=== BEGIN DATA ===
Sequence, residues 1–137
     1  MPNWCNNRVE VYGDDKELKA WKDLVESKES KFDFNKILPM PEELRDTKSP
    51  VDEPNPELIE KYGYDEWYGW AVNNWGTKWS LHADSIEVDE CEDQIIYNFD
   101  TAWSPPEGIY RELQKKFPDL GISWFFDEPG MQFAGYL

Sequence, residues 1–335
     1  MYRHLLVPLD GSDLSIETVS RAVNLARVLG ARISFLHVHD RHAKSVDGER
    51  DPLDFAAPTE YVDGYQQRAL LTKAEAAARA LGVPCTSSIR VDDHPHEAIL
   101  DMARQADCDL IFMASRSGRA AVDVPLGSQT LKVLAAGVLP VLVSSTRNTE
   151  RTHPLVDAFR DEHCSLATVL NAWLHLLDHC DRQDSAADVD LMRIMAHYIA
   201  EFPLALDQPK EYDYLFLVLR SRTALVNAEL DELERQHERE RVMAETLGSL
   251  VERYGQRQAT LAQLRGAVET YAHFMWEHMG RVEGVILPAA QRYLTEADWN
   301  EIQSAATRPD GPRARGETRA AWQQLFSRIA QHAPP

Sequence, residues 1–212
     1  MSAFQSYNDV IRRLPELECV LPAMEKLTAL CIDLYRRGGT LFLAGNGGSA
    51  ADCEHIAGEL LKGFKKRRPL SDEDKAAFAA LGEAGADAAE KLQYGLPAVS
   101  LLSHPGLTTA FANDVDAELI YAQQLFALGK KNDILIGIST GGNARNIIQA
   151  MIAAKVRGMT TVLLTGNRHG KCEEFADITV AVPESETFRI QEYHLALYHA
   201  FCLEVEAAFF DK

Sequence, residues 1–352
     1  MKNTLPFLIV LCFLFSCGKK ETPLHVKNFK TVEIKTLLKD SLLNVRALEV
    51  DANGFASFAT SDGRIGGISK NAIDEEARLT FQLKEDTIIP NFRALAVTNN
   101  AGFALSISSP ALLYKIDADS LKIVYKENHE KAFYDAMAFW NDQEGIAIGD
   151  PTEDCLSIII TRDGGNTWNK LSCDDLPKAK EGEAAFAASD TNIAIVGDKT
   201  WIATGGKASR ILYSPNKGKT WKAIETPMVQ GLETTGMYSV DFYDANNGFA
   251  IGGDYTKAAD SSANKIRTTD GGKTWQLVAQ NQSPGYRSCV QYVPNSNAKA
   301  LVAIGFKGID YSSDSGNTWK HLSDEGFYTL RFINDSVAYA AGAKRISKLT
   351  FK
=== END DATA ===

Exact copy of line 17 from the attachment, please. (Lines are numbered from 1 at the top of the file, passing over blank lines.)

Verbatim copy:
   151  MIAAKVRGMT TVLLTGNRHG KCEEFADITV AVPESETFRI QEYHLALYHA